Thanksgiving Day is rooted in a myth of friendly cooperation between Native Americans and European settlers, celebrated a year after the Pilgrims landed in Massachusetts and nearly starved. But the reality was more of one-sided generosity and two-faced betrayal, as William Loren Katz explains.
For many Americans, Thanksgiving is a time of family get-togethers around a traditional turkey dinner, with vague recollections of Pilgrims sharing a meal with Native Americans in eastern Massachusetts nearly four centuries ago. But for the remnants of those indigenous tribes, it is a time for mourning, Gary G. Kohls writes.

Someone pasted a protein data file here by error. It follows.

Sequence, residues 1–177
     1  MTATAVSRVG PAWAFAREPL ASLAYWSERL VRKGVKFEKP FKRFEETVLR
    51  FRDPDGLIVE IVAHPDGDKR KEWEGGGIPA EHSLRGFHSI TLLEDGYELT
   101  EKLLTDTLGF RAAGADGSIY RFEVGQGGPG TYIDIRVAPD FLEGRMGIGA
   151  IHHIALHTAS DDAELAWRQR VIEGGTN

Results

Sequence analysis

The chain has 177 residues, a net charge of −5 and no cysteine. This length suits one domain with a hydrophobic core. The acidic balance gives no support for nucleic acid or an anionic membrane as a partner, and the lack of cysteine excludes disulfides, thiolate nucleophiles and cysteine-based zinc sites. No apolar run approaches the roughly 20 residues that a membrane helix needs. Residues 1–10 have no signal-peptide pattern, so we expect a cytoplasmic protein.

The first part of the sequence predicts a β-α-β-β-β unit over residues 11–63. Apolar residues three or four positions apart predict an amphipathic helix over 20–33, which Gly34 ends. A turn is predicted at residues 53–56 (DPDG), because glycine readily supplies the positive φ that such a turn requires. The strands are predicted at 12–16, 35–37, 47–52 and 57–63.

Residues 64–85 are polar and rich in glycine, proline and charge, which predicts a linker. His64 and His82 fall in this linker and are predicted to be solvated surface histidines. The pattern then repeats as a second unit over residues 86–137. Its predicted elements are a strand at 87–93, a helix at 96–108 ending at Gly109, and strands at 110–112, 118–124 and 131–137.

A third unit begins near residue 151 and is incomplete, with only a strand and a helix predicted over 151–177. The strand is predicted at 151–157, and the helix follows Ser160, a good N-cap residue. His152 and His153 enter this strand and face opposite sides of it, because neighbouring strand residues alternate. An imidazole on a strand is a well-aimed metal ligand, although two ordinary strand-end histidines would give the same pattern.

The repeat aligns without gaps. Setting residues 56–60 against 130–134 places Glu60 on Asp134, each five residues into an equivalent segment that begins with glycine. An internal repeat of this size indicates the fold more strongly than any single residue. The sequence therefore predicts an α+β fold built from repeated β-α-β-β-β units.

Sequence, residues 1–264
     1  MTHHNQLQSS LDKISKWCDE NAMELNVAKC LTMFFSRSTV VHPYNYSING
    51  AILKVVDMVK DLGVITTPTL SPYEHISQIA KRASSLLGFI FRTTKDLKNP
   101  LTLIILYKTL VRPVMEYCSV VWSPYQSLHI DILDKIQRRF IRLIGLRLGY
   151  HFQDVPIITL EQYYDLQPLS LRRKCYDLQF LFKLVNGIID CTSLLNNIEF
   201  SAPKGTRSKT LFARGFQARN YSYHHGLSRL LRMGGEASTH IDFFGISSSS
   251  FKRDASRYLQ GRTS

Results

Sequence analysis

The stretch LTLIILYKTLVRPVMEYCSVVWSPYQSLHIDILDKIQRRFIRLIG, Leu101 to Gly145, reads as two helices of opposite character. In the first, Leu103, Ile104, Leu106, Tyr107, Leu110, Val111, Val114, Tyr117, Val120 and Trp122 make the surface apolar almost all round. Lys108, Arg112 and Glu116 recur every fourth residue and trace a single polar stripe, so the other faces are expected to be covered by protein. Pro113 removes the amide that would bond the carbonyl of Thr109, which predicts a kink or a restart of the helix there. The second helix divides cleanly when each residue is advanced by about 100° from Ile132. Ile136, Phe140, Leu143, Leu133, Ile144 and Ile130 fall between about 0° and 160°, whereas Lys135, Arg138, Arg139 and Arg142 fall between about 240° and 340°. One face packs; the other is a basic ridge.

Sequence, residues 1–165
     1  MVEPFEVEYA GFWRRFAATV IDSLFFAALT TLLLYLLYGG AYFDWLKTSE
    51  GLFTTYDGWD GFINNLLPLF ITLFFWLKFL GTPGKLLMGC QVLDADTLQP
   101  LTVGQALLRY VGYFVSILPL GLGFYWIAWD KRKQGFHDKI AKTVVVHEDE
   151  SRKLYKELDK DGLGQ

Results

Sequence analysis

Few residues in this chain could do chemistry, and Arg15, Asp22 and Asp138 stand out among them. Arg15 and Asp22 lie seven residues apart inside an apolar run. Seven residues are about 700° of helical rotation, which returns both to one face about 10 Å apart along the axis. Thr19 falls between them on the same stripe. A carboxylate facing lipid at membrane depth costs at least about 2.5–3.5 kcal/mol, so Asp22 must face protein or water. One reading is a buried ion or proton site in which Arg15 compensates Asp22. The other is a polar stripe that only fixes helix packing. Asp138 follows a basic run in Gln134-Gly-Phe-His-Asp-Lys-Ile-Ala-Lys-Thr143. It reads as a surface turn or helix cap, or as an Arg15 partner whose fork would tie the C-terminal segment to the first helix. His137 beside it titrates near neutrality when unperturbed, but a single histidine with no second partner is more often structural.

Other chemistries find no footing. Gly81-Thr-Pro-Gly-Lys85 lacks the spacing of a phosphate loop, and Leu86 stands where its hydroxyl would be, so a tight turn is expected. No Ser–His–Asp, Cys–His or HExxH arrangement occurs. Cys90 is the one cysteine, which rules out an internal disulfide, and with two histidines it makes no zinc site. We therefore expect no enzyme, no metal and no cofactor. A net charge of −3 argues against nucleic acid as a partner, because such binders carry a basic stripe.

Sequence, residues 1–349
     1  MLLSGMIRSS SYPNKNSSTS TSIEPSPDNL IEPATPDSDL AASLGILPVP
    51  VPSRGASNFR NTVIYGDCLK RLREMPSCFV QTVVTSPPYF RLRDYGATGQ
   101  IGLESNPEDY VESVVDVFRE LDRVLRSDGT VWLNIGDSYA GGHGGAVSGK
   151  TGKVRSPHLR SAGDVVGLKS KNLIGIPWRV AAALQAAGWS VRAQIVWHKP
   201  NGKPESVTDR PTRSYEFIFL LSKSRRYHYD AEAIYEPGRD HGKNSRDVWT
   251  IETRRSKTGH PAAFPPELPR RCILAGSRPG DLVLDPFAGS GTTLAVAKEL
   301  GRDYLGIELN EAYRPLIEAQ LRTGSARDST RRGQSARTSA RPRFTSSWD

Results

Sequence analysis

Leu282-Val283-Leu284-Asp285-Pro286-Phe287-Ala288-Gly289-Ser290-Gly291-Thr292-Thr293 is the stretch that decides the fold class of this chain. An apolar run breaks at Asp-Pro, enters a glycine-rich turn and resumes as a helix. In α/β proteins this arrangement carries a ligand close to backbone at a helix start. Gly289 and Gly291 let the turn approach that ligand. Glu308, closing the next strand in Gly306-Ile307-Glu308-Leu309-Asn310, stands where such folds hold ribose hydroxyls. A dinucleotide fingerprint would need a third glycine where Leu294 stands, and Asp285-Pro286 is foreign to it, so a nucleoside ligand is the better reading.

From the Archive: On Thanksgiving Day, the United States celebrates the tradition of Pilgrims and Native Americans sitting down together in Plymouth, Massachusetts, in 1621 to celebrate each other as friendly neighbors. But the reality was not so pleasant, as historian William Loren Katz recalled.